Krista Wager, who will graduate on Friday with both a bachelor’s and master’s degree in chemistry, has authored five research papers, including two review articles, over the last four years at Northeastern.

“I call it the dive-in approach,” she said of writing a review article. “You have to completely immerse yourself in the literature.” The result is a comprehensive and authoritative topic summary that scientists across the field can use to further their own investigations.

As a freshman, Wager was recruited into the lab of Chemistry and Chemical Biology Chair Graham Jones, who put her to work alongside graduate students to develop a series of novel molecules with potential applications in cancer therapeutics.

“These compounds acquire their ability to kill cells upon irradiation with UV light,” she said, explaining how the molecules can be used to selectively kill cancer cells but not their healthy neighbors.

After this first research experience, for which she was awarded a Merck Undergraduate Research Scholarship, Wager decided to further explore the biological applications of the compounds she was synthesizing.

During her third semester, Wager read nearly every article about a nuclear imaging technique called single photo emission computed tomography. The technique, she said, relies on radiation to provide images that track metabolism and biodistribution of investigational drugs at tissue, cellular and subcellular levels.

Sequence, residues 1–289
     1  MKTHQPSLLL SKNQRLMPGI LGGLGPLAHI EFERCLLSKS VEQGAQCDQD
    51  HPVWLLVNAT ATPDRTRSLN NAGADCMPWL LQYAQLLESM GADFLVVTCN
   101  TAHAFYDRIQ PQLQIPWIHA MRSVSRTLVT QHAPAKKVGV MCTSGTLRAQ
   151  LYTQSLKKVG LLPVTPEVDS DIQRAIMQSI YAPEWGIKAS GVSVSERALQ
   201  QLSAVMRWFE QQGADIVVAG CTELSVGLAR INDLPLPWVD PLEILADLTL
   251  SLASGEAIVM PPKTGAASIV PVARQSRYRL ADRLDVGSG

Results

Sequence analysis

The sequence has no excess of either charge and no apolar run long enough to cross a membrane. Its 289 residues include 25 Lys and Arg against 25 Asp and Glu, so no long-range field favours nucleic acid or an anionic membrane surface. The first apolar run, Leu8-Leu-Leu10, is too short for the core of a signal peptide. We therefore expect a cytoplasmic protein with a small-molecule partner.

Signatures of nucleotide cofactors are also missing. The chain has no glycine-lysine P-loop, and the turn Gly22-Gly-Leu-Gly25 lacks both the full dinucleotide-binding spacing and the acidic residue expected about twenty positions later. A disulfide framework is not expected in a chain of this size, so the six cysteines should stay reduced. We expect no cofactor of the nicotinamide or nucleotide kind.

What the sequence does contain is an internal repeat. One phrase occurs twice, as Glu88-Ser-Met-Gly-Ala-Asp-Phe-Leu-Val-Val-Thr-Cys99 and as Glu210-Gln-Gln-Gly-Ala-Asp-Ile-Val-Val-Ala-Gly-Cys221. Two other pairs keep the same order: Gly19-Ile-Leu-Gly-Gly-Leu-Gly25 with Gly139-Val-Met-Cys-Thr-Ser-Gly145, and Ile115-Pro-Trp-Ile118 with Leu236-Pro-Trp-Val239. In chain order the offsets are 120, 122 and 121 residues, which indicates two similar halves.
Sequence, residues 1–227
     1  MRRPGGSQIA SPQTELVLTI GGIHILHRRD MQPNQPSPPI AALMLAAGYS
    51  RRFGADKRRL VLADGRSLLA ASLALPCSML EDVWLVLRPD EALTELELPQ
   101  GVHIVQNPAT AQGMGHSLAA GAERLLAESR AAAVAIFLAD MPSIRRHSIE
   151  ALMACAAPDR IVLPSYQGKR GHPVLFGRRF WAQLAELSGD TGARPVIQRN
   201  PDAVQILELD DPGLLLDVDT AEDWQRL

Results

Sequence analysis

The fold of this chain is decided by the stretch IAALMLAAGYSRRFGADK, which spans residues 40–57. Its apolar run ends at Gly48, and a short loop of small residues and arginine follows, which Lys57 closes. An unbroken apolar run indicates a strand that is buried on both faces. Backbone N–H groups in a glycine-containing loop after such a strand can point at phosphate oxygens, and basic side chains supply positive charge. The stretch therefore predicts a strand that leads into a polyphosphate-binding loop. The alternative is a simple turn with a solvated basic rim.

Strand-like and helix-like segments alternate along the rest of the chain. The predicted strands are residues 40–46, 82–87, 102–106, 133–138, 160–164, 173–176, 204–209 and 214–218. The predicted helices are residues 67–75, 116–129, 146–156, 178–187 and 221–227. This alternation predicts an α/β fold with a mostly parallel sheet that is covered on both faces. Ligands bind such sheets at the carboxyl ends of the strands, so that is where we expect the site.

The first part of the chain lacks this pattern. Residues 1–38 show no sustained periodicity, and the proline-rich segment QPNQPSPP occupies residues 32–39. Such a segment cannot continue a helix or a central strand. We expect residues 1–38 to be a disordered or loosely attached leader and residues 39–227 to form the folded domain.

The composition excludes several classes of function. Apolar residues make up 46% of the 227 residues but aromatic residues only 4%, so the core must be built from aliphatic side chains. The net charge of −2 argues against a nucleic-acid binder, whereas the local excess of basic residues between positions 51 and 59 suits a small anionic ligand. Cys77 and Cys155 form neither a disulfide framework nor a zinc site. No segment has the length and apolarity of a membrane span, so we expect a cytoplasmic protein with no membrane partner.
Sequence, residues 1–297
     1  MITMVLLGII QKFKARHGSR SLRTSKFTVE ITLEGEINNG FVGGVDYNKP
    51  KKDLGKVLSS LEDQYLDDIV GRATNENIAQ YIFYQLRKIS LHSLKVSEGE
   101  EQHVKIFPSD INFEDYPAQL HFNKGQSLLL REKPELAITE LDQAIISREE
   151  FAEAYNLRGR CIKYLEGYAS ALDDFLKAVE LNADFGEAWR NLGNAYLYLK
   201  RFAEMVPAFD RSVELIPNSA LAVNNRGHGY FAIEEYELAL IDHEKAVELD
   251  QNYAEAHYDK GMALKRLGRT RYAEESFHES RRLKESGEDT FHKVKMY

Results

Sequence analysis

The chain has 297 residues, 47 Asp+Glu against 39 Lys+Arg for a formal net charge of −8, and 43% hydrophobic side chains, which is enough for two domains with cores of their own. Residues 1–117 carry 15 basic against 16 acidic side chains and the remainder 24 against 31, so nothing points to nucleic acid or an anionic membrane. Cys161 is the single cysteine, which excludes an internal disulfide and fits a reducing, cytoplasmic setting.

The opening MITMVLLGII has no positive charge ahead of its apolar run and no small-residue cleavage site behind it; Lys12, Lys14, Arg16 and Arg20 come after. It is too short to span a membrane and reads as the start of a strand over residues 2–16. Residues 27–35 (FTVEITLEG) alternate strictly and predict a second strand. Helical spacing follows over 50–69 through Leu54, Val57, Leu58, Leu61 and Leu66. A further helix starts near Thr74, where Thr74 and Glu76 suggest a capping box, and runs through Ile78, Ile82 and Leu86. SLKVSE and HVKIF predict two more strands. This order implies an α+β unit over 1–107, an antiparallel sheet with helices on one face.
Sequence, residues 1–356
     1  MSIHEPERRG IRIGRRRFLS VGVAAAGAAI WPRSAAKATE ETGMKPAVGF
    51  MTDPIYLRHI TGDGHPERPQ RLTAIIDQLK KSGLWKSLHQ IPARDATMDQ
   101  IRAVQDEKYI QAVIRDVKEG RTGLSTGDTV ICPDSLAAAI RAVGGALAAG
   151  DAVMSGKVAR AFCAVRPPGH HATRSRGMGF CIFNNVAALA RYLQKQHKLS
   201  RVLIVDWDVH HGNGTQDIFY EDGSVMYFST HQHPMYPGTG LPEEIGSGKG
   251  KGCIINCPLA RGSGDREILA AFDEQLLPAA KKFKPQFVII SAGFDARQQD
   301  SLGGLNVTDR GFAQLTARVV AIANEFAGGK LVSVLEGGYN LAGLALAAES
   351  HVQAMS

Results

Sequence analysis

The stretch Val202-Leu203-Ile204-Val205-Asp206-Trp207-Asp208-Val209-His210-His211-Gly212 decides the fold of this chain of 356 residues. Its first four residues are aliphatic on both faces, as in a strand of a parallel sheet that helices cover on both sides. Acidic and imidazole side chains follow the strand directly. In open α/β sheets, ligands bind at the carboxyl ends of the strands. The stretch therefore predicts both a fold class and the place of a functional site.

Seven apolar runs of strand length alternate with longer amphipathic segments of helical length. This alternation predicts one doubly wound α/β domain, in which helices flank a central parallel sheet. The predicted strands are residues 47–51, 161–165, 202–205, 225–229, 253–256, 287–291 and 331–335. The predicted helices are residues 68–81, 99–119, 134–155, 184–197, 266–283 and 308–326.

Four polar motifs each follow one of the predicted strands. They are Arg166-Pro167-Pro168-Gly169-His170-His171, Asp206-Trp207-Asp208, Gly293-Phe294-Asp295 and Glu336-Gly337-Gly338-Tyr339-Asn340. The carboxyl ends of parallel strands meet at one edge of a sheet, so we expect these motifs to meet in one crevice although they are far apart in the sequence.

This work led to her first review article, which she wrote entirely on her own; it was published in the journal Current Radiopharmaceuticals in 2010.

On co-op, Wager conducted drug-discovery research that has the potential to make a global impact. At Millennium Pharmaceuticals in Cambridge, Mass., she performed hundreds of chemical reactions in an effort to identify new cancer drugs. At Merck Research Laboratories in Boston, she developed a more effective protocol for synthesizing a class of compounds typically used by medicinal chemists.

Jones praised Wager for both her research and lab work.

“Her appetite for laboratory work was evident,” he said, noting that he and Wager were recently asked to co-author a book that will explore organic chemistry as it applies to cancer research and drug discovery. “It has been a pleasure watching her grow into an independent research scientist over the years.”

“Her research,” he added, “exemplifies the essence of Northeastern — practical applications of use-inspired research.”

Wager’s fifth and final paper at Northeastern, her second review, focuses on biopharmaceuticals — medical drugs that are synthesized in living cells and present unique regulatory and manufacturing challenges.

After graduation, she will spend a year continuing her research with Merck before enrolling in medical school next fall.